The Main Sociological Theories

Learning Outcomes

  • Explain sociological theories
People holding posters and waving flags outside at a protest rally.

Figure 1. Sociologists develop theories to explain social occurrences such as protest rallies. (Photo courtesy of voanews.com/Wikimedia Commons)

Sociologists study social events, interactions, and patterns, and they develop a theory in an attempt to explain why things work as they do. A sociological theory seeks to explain social phenomena. Theories can be used to create a testable proposition, called a hypothesis, about society (Allan 2006).

Theories vary in scope depending on the scale of the issues that they are meant to explain. Macro-level theories relate to large-scale issues and large groups of people, while micro-level theories look at very specific relationships between individuals or small groups. Grand theories attempt to explain large-scale relationships and answer fundamental questions such as why societies form and why they change. Sociological theory is constantly evolving and should never be considered complete. Classic sociological theories are still considered important and current, but new sociological theories build upon the work of their predecessors and add to them (Calhoun 2002).

In sociology, a few theories provide broad perspectives that help explain many different aspects of social life, and these are called paradigms. Paradigms are philosophical and theoretical frameworks used within a discipline to formulate theories, generalizations, and the experiments performed in support of them. Three paradigms have come to dominate sociological thinking, because they provide useful explanations: structural functionalism, conflict theory, and symbolic interactionism.

Table 1. Sociological Theories or Perspectives. Different sociological perspectives enable sociologists to view social issues through a variety of useful lenses.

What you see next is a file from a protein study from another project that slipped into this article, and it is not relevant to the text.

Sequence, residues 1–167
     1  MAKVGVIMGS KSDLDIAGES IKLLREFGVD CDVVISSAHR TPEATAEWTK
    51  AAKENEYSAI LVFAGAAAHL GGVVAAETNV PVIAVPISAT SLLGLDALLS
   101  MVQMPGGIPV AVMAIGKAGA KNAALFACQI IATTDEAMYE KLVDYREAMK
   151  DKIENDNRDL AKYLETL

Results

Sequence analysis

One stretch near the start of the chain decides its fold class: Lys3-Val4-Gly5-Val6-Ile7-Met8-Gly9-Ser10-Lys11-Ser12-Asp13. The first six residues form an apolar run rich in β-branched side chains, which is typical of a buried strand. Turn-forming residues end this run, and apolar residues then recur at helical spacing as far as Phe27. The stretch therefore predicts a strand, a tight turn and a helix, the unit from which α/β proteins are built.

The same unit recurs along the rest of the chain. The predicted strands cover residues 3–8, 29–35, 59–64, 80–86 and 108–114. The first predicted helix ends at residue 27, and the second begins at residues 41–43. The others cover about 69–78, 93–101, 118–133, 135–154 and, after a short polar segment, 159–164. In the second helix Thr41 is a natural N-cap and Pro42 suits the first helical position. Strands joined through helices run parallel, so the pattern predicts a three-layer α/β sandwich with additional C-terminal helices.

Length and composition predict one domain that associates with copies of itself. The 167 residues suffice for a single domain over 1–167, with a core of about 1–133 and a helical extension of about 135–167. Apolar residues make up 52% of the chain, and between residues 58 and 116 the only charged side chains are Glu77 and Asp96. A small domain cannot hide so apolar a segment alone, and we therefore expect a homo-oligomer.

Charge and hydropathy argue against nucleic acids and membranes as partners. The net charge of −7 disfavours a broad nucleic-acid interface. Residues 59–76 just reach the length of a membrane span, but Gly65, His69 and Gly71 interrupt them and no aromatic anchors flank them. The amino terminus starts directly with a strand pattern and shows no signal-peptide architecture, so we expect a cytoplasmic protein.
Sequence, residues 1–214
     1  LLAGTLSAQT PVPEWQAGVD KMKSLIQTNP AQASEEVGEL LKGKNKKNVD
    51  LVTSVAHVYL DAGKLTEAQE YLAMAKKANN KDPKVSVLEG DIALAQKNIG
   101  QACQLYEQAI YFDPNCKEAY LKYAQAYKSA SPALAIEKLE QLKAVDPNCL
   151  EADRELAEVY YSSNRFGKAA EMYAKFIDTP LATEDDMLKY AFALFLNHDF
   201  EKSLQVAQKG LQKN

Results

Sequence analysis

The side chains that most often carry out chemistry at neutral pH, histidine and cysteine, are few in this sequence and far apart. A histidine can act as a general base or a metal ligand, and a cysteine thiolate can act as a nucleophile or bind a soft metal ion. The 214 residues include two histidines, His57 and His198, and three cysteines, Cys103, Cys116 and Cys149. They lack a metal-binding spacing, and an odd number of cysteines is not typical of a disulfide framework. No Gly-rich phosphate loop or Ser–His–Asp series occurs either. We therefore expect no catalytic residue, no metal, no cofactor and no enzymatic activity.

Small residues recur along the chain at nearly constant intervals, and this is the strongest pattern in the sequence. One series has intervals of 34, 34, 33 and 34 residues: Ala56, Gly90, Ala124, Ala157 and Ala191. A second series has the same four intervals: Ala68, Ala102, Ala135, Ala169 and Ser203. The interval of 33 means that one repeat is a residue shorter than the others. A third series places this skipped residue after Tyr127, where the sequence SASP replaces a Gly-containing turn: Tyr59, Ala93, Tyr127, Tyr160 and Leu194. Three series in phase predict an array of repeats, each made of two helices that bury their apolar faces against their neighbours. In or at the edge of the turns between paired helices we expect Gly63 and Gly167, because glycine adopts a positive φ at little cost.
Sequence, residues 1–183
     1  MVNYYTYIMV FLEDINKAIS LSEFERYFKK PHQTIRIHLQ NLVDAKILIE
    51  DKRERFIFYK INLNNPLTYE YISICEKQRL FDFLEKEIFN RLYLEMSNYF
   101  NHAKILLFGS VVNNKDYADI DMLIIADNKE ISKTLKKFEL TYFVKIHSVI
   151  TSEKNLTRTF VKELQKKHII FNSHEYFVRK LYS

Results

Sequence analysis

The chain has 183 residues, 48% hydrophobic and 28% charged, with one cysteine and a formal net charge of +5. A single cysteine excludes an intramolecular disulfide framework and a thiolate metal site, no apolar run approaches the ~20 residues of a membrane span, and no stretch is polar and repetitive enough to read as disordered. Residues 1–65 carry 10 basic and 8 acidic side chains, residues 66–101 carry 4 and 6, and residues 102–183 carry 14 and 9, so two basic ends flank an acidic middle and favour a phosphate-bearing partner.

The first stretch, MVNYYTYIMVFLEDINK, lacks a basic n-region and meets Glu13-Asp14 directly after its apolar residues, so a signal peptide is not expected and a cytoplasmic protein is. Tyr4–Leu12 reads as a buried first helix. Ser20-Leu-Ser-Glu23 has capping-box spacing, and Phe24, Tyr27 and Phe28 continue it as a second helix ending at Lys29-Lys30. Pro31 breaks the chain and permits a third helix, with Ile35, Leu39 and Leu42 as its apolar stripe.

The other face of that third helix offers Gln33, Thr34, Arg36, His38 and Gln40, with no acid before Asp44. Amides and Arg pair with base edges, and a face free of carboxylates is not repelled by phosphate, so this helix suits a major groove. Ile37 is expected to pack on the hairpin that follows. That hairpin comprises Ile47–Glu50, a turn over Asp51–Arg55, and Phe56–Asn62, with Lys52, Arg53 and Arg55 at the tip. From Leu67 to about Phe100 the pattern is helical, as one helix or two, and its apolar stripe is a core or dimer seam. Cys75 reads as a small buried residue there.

Sociological Theories/Paradigms Level of Analysis Focus Analogies Questions that might be asked
Structural Functionalism Macro or Mid The way each part of society functions together to contribute to the functioning of the whole. How each organ works to keep your body healthy (or not.) How does education work to transmit culture?
Conflict Theory Macro The way inequities and inequalities contribute to social, political, and power differences and how they perpetuate power. The people with the most toys win, and they will change the rules of the game to keep winning. Does education transmit only the dominant certain cultures?
Symbolic Interactionism Micro The way one-on-one interactions and communications behave. What does it mean to be an X? How do students react to cultural messages in school?

Watch It

Watch the following video for an overview of each of the sociological paradigms. First, the video introduces major sociological theories in general terms, then gives an overview of structural-functionalism, conflict theory, and symbolic interactionism. Structural functionalism views society as an organism in which the various parts, or social structures, fulfill certain functions to meet the needs of the society. Conflict theory imagines society as a struggle for scarce resources and focuses on the conflicts created by competition and power differences. Conflict theory includes sub-categories such as class conflict theory, race conflict theory, and gender conflict theory. Symbolic interactionism focuses more on individuals and the shared reality that people create through their own experiences.

Try It

grand theories:
an attempt to explain large-scale relationships and answer fundamental questions such as why societies form and why they change
hypothesis:
a testable proposition
macro-level theories:
a wide-scale view of the role of social structures within a society
micro-level theories:
the study of specific relationships between individuals or small groups
paradigms:
philosophical and theoretical frameworks used within a discipline to formulate theories, generalizations, and the experiments performed in support of them
theory:
a proposed explanation about social interactions or society

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